So we hired Dave to do a redesign of FogBugz.



OK, now all the programmers in the audience are saying, “what? I don’t get it?!” I know. I don’t either. But the new user interface looks and feels, well, 5% more “quality,” whatever the heck that means, and it’s all very nebulous and vague but I can tell ya everyone has been saying it’s the cat’s pajamas, so I’m happy.

Online Demo

The online demo speaks for itself, but we had to do a lot of work to make it possible to host hundreds or thousands of instances of FogBugz in one directory.

In particular we were afraid that one spark of good publicity would result in hundreds or thousands of people setting up new trial accounts simultaneously, which would whack the poor servers and result in a lot of potential customers thinking FogBugz was slow simply because they were trying it on an overloaded server. So we changed the trial signup procedure to include a throttle that, under peak load, allows us to slow down the creation of new trials. Occasionally, it may mean that a potential customer has to wait a few hours to try out the software, but it’s better than everybody having a bad experience.

The Online Movie

One product I just can’t stop singing the praises of is Camtasia Studio, by the folks at TechSmith in Okemos, Michigan. It lets you “film” your computer screen, all in software of course, then edit the film, add narration, then squeeze it down to a very compact flash movie you can put on the web. This is a beautiful piece of software. It does exactly what you need, works the first time, and comes with great documentation you’ll never need.

I used Camtasia Studio to record an introduction to FogBugz 4.0 in movie form. The whole project took me about one day. If I had to make another movie, it would only take a couple of hours, as I learned many tricks along the way. For example the first recordings I made sounded terrible. Our offices are in New York City and a lot of street noise drifts up to us here on the 18th floor. It’s not enough to notice during the day but when you’re trying to record something, the muted sirens in the background are shockingly unprofessional! To make things worse, we have hardwood floors throughout the office and don’t have those yucky acoustic tiles on the ceiling, so the office is acoustically live in a way which made the movie sound like I was in a big abandoned warehouse, down by the river, waiting for Kojak to arrive with a lollypop.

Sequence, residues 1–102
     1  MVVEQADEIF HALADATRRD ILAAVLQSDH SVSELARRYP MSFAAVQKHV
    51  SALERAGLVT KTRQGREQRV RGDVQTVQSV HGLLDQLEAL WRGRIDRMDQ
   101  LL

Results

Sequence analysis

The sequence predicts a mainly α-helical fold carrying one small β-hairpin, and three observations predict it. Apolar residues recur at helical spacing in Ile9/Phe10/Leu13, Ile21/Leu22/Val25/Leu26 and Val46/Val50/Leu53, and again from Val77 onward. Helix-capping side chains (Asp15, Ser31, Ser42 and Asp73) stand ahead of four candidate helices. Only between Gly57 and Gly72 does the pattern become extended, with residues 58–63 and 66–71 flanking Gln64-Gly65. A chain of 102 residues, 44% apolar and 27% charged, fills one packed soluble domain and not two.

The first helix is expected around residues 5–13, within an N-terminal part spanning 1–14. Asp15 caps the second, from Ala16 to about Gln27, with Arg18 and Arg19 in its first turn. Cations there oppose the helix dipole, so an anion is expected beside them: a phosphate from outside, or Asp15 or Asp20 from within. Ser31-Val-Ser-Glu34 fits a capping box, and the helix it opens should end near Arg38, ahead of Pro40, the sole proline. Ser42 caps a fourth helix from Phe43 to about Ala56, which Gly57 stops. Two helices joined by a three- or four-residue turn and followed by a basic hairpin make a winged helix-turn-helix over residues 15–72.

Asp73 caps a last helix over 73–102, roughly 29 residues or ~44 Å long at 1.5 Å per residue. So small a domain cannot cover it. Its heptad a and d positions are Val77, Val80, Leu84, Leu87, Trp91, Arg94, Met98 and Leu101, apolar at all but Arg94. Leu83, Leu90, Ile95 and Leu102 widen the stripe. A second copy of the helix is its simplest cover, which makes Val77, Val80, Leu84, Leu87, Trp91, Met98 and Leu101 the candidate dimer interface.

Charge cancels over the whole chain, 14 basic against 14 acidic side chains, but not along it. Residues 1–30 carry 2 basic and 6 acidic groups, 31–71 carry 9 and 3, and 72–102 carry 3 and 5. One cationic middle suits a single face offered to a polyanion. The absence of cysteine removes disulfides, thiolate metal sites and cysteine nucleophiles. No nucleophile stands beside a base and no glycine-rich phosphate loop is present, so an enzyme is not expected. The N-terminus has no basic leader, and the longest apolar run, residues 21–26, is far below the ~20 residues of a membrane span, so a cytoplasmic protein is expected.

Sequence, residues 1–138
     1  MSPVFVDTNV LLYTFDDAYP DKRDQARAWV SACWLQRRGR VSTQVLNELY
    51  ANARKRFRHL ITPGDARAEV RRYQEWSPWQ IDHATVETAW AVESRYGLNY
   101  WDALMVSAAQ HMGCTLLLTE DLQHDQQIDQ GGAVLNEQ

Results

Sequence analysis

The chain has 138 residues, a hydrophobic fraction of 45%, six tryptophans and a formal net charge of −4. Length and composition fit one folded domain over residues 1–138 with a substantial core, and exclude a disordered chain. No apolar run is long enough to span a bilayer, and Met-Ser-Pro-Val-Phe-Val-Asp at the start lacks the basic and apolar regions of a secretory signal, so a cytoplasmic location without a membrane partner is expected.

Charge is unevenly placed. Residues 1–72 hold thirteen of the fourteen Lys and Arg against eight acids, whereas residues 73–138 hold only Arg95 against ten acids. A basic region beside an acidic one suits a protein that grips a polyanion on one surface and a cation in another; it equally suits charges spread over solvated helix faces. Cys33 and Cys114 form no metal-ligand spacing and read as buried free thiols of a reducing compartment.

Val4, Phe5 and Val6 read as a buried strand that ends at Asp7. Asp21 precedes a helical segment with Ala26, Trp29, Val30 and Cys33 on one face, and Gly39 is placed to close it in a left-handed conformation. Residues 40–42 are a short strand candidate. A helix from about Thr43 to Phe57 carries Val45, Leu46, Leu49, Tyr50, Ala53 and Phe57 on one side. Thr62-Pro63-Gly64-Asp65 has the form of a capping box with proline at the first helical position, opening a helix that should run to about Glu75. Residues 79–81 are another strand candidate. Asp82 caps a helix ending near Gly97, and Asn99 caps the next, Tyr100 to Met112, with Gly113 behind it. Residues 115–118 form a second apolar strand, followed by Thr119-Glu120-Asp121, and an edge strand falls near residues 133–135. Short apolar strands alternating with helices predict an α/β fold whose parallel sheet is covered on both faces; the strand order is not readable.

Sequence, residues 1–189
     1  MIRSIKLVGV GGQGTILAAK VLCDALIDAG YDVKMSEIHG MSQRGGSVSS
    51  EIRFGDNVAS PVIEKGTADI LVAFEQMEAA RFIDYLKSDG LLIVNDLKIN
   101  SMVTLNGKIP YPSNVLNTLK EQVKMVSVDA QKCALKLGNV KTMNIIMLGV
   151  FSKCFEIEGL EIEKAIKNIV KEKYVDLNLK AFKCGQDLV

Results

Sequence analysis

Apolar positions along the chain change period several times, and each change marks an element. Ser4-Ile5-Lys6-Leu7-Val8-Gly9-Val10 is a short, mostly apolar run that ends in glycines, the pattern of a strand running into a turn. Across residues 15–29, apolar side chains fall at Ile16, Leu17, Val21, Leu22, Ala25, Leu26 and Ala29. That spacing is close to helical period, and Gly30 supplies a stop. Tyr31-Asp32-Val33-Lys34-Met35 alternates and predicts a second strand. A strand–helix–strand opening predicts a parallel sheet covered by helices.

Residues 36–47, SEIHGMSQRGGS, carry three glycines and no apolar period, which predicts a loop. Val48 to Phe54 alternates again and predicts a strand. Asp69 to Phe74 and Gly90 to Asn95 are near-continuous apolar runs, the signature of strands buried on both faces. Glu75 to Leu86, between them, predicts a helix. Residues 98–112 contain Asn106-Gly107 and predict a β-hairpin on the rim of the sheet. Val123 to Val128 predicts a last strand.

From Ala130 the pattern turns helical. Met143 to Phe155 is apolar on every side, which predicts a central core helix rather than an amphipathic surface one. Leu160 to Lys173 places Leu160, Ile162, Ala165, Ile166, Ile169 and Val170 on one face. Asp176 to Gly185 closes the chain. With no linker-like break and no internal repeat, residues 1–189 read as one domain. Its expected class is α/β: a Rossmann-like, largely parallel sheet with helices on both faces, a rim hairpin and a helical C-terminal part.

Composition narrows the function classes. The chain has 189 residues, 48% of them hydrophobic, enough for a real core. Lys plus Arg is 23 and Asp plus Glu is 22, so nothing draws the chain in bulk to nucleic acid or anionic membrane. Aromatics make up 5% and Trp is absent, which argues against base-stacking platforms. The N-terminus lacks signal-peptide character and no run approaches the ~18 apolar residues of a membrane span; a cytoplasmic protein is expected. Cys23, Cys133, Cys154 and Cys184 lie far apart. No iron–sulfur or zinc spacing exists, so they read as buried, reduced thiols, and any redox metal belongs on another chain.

I gathered up all the rugs and pillows I could find at Fog Creek and moved them all into my office. With a big rug on the floor and giant sofa pillows lining every wall, the sound quality was vastly improved. In fact my office was so pleasant with all the sound-absorbing stuff that I realized it’s not enough to have quiet offices; you want to have acoustically dead offices as well. For our next office space I think I’ll specify thick carpeting for the private offices, even if it’s not as cool as wood floors. We’re seriously considering hiring Aviva Stanoff to come up with some kind of framed pillow arty thing to put on the walls to deaden the sound even more.

The Website

Our websiteUm, yeah. We threw this together at the last minute. We did manage to find a few good-looking FogBugz customers to give us testimonials so we could replace the crappy stock photography with pictures of actual humans, and Dmitri found a great old picture of some craftsmen making violins. I spent a lot of time putting together a screenshot tour because a lot of people look for the screenshots first when they’re learning about a new product.